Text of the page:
Jewish World Review May 20, 2003 / 18 Iyar, 5763

BODYLESSONS: Flexibility can improve quality of life

By Judi Sheppard Missett | Fitness professionals tout the benefits of stretching for injury prevention and increasing or maintaining range of motion for athletic performance, but stretching is often overlooked as a means to improving quality of life.

Many of the aches and pains attributed to old age are more accurately associated with decreased range of motion, and there is a domino effect as flexibility slips away. Certain muscles become overused as others are underused, which eventually leads to some level ofdiscomfort.

Several things affect muscle flexibility and joint range of motion: the elasticity and length of our muscles and tendons; our joint structure; our individual fitness levels; even our psychological states -- when we are tense, our muscles tighten.

In addition to preserving and enhancing our range of motion, stretching stimulates blood flow to the muscles and is a great stress reliever.

The public is beginning to pick up on the powers of stretching as evidenced by the growing popularity of yoga, Pilates, tai chi and similar disciplines. These approaches promote the concept of dynamic stretching, in which the body is moved through a range of positions that enhance both flexibility and strength. The movement patterns found in each often include rotation mixed with diagonal, forward and backward motion.

Dynamic stretching mimics everyday movements more closely than static stretching. (During static stretches individuals hold a single position that targets a specific muscle.) By linking movements together, dynamic stretching forces the muscles to work in unison -- sometimes lengthening, sometimes providing stability and support. The end result is still improved range of motion, but you enhance muscle strength in the process.

Experts are still debating the best time to stretch, but all agree that post-workout stretches are best for improving flexibility. Your muscles are more receptive and pliable when your body temperature is elevated. The jury is still out on whether it is beneficial to stretchbefore a workout. If you want to stretch without doing an aerobic or strength-training workout first, do 10 minutes of gentle warm up movements before you begin.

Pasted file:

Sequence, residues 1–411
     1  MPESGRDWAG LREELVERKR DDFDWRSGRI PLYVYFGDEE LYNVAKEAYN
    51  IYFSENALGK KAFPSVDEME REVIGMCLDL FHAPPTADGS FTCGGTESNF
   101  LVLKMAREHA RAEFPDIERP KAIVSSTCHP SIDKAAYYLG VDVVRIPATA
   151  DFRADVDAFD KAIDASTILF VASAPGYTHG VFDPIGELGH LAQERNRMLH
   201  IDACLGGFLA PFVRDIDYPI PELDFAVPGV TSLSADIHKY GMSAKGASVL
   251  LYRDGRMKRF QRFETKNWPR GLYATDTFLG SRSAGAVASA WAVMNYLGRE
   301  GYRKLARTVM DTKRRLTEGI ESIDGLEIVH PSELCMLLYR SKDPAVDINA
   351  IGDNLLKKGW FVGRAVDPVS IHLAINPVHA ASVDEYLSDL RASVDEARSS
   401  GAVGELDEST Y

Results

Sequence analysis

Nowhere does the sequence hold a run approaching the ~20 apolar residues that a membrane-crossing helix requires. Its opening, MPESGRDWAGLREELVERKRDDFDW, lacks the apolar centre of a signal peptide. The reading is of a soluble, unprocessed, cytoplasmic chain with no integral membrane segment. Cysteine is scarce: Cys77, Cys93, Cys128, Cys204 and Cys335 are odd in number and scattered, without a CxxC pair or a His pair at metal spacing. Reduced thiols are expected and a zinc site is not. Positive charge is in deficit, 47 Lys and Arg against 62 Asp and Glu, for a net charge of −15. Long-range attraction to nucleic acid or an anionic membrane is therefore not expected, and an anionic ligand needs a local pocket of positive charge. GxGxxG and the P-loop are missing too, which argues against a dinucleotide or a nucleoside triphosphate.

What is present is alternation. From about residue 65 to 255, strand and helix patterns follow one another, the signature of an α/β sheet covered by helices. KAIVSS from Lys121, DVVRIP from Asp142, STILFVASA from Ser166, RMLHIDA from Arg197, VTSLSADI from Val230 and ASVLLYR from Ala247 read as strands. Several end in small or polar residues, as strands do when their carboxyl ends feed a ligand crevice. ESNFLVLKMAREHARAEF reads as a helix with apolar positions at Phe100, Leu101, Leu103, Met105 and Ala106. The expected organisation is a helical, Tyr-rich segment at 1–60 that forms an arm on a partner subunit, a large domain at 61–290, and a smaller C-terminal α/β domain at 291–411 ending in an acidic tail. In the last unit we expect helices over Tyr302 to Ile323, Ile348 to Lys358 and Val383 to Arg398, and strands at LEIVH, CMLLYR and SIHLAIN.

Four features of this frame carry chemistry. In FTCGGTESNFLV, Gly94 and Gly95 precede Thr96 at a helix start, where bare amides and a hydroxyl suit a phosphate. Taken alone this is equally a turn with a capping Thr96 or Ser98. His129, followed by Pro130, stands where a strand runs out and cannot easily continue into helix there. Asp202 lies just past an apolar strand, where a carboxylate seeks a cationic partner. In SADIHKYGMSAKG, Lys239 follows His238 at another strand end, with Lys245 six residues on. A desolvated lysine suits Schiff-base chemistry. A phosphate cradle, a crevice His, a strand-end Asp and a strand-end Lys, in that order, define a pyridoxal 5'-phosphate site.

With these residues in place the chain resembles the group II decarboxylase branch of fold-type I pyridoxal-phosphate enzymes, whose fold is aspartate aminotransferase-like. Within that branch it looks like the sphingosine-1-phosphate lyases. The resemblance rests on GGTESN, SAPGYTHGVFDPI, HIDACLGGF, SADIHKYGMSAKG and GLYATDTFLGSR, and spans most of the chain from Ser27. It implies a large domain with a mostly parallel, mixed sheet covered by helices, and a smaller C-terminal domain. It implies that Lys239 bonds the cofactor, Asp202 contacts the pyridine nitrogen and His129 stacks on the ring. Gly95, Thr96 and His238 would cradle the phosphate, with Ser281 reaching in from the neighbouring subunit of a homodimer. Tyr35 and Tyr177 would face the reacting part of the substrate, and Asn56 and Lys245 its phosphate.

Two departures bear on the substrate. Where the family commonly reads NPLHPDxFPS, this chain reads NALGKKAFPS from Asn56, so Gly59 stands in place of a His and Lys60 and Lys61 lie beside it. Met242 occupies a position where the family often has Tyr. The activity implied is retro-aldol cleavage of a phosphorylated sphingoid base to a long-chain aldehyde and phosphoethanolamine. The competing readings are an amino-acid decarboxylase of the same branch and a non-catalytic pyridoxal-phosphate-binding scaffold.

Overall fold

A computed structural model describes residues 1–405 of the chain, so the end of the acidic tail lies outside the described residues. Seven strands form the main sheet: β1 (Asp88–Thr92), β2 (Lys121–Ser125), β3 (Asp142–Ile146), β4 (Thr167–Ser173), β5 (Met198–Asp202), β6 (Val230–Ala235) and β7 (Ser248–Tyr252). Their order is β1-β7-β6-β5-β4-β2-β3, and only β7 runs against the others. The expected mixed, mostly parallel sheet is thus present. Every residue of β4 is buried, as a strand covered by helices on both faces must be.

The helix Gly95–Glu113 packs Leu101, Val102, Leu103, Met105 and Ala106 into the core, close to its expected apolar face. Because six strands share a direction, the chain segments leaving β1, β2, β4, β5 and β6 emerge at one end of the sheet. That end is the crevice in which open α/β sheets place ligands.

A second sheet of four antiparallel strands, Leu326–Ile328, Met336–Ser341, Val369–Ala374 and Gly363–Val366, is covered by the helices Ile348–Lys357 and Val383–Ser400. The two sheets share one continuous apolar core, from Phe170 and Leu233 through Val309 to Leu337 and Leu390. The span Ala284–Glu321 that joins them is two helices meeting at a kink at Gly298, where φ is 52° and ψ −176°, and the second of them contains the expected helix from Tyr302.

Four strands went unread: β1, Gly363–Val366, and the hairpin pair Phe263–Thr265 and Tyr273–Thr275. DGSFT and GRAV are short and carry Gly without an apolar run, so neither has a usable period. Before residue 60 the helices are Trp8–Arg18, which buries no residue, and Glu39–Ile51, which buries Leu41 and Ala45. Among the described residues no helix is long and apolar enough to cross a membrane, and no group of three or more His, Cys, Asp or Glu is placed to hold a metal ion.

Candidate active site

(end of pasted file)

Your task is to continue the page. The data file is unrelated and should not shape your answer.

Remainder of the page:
Ideally, stretching exercises should be done at least two times per week. You can get the most from your efforts by following these tips:

-- Combine dynamic and static stretches that work all the major muscle groups, but make sure any motion is smooth and fluid -- no bouncing!

-- Hold positions for 20 to 60 seconds and breathe deeply.

-- Stretch to the point of mild tension, never to the point of pain.

To learn more about stretching and get a well-rounded flexibility workout, take a class or purchase an exercise video or DVD (such as our ``Stretch by Jazzercise'').

You can start with the following partner stretch for the quadriceps muscle, which runs down the front of your thigh. This stretch is great after a strength training or cardio workout, as your quads are active in most of the exercises and fitness activities we do. If you don't have a workout partner, you can use a wall, chair, tree, or other stable surface for balance.

Stand facing your partner, with your feet together and your knees and toes pointing forward. Place one hand on each other's shoulder. Using the opposite foot, bend your knee and lift your foot up behind you. Reach your free arm back and hold onto your ankle as shown. Keep yourknees lined up as close together as possible, and bend your supporting leg slightly for balance. Pull your abdominal muscles in for support, and breathe naturally as you stretch for 20 to 60 seconds.

To increase the stretch, tighten your abdominals even more and press yourshoelaces gently into your hand -- pushing your foot away rather than pulling it in closer. Repeat the stretch on the other leg.

Judi Sheppard Missett is CEO of Jazzercise Inc., an international aerobic-dance instruction company. Comment by clicking here.


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